That's gonna be super easy, barely an inconvenience. The video for S8 not only feels more critical than usual, it gives specific examples of negative changes from previous seasons, plus a causal explanation (albeit partial) that the video keeps coming back to. One might even say the characters harp on their explanation for S8 being worse than early seasons.

Also, looking at the PM video on GOT up to that point, the chief criticism I find (and this once it seems like pretty explicit criticism of the art in question) seems to be about the show getting old and also worse as it goes on. Actual quote:

Well, eventually we're going to start running out of main characters, in later seasons, so they're all going to develop pretty thick plot armor.

Of course, whether that makes the early seasons better or whether their failures took a while to become obvious is a difficult question. PM seems to suggest the former, given their fairly blatant assertion that S8 is worse due to being inexplicably rushed. However, that is technically a different question. It leaves open the possibility that the showrunners' ultimate failure was determined by their approach at the start, as the earlier video suggested.

comment by Dagon · 2020-01-09T23:08:24.370Z · LW(p) · GW(p)

It's not actually that easy to make good things look bad. Even fairly harsh (and accurate) criticism of Pulp Fiction, for instance, makes the critic look bad rather than the film. Even when true, the one-sided choice of trivial errors makes it clear that the critic has missed the point, and ignored the beauty behind it.

You're correct that snarky criticality doesn't carry much valuable information about the movie. But I think your title describes it well - the point is entertainment OF the criticism, making the viewer feel superior, and really is no different than kids pointing and laughing when someone trips and spills their drink. I mean that in a non-judgmental way: this is something people find pleasure in, and even if they label it "review", it's not actually intended as a review and shouldn't be treated as one.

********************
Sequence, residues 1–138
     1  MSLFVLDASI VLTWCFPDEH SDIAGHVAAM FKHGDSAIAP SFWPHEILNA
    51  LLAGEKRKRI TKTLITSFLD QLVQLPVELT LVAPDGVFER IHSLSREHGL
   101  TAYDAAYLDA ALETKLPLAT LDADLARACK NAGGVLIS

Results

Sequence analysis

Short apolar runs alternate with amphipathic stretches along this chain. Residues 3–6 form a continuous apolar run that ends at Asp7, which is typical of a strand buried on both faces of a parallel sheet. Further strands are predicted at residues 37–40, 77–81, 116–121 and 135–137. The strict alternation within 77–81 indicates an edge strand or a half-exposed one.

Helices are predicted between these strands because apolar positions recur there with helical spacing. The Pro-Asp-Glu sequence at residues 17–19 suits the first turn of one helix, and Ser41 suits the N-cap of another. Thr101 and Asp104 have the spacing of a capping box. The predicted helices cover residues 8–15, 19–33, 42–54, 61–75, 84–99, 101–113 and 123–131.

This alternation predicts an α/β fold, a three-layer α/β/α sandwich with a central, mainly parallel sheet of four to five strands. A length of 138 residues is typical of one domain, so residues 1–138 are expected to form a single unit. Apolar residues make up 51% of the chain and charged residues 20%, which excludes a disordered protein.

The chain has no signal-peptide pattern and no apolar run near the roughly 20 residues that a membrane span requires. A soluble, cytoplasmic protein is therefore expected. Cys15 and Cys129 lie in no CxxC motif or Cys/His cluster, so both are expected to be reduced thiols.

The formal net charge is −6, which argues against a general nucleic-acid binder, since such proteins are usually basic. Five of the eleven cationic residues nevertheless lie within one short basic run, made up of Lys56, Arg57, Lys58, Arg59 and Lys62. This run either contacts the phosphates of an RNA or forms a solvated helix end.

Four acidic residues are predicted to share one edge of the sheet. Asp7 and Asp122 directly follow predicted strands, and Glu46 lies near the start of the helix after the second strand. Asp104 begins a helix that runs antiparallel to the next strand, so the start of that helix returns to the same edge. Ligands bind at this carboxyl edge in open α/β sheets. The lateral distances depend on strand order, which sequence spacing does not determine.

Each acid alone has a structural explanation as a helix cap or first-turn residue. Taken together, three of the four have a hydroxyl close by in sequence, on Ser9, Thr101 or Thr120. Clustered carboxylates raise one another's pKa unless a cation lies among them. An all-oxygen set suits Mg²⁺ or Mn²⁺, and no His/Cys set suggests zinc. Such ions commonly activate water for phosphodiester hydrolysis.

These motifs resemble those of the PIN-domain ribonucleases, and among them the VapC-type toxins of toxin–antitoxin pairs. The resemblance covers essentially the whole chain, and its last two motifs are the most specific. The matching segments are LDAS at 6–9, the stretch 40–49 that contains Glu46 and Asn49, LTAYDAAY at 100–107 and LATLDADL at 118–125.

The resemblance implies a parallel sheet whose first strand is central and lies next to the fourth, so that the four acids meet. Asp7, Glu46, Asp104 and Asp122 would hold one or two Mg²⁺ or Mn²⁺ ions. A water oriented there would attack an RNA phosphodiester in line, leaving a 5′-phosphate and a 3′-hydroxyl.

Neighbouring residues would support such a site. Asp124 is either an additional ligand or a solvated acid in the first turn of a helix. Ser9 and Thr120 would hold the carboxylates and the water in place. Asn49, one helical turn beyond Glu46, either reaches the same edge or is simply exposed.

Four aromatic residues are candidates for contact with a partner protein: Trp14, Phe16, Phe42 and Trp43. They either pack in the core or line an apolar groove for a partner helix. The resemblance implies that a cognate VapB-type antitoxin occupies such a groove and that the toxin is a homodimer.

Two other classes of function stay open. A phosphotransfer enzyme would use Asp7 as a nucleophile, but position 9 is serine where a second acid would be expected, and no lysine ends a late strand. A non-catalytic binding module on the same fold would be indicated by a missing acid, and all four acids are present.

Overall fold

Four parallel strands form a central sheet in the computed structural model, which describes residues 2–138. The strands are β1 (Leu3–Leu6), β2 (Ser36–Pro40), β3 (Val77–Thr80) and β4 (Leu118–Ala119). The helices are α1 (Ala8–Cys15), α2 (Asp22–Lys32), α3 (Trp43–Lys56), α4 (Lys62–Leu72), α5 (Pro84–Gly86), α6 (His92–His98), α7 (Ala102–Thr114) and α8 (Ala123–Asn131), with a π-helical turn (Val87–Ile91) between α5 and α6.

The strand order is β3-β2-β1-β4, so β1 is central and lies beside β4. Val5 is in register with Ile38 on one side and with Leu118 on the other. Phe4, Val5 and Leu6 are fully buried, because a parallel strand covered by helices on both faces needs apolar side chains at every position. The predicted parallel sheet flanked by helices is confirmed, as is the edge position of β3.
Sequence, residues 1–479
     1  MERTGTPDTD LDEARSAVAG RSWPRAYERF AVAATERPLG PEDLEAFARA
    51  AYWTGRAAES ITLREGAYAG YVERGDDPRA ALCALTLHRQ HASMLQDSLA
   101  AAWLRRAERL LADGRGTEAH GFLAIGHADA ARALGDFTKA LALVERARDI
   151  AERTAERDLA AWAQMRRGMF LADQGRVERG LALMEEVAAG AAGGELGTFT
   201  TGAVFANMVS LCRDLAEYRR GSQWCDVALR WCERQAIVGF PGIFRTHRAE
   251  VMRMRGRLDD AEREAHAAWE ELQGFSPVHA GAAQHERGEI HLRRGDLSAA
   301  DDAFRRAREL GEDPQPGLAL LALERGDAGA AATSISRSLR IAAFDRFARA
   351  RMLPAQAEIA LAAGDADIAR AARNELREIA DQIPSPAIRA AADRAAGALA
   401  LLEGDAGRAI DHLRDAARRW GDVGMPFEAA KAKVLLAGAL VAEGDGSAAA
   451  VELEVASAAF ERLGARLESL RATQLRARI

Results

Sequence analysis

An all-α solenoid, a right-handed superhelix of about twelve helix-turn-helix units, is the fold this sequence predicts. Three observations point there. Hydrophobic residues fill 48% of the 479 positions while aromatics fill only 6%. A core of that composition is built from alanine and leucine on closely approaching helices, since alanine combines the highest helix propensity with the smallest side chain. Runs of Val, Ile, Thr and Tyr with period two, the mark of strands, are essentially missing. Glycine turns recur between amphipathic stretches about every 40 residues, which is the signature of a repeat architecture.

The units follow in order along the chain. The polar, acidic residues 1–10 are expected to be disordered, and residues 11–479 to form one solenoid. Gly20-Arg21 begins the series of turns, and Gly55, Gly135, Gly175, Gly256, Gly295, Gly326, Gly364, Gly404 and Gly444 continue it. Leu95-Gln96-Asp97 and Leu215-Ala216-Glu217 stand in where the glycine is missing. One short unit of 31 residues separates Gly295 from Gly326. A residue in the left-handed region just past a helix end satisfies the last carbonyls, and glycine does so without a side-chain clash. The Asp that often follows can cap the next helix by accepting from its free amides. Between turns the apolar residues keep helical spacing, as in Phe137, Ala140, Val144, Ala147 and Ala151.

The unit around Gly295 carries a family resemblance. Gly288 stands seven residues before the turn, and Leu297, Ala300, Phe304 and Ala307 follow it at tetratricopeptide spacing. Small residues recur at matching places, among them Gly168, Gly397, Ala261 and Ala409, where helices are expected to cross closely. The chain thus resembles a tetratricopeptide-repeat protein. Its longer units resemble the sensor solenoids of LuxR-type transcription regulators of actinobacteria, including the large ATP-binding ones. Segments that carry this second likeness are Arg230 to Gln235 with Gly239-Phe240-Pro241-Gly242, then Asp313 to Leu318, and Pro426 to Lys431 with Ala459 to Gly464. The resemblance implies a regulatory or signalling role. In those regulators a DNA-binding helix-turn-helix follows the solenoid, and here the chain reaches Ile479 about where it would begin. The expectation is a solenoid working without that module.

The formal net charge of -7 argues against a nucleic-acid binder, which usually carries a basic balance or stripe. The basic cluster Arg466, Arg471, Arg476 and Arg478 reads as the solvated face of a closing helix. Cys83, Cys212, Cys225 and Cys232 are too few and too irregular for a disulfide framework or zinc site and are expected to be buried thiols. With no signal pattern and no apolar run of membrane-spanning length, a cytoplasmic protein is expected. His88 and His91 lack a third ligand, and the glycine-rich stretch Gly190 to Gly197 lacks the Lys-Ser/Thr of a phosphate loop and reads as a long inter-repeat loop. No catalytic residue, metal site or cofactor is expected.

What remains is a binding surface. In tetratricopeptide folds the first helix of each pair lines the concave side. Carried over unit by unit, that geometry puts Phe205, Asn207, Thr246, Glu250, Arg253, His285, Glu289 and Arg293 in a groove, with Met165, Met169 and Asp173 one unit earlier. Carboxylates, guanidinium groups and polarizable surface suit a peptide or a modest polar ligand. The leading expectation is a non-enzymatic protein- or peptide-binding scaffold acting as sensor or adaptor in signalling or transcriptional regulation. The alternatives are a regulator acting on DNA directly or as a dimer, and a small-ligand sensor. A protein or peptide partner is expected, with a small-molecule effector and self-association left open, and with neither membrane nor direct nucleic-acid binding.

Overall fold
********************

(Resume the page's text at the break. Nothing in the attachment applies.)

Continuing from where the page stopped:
Actual critics writing reviews for newspapers and analysis sites actually _do_ a pretty good job of informing me whether I might want to see a film.

comment by countingtoten · 2020-01-10T10:26:10.190Z · LW(p) · GW(p)

I have to add that Pitch Meeting does not, in fact, label itself "review," though it does contain implied assertions. (Some implied claims are even about media, rather than about screenwriters and studio executives.)

The specific example/challenge/instance of meta-shitting seems odd, though. For one, GOT Season 8 was a major news story rather than something you needed to learn from Pitch Meeting. I'm going to make the rest a separate comment.

comment by Pattern · 2020-01-09T22:47:43.048Z · LW(p) · GW(p)
Going in with those intentions changes how you watch the movie. It makes flaws more salient and good parts less so. You become literally less able to enjoy or learn from the original work.
...
Should it be, though? Generating testable hypotheses should lead to greater understanding and trust or less trust, depending on the correctness of the book. So at least one of my investigation or groking procedures are wrong.

It seems you enjoy fictional works, and value that enjoyment. What does it mean for a fictional work to be "correct"? (As opposed to 'good'?) What's there to learn from the MCU?

comment by Elizabeth (pktechgirl) · 2020-01-22T22:53:43.168Z · LW(p) · GW(p)

I'm torn here because I do think you can learn a lot (correct or incorrect) from fiction and we could have a really interesting discussion on that, but I also feel like there's an implicit query that is reading something into this post that I didn't intend.

comment by Pattern · 2020-01-23T02:46:28.220Z · LW(p) · GW(p)
I'm torn here because I do think you can learn a lot (correct or incorrect) from fiction

I probably agree with this, though you might be using those words differently than I do, and I'm curious about other perspectives on fiction.

I also feel like there's an implicit query that is reading something into this post that I didn't intend.

What implicit query?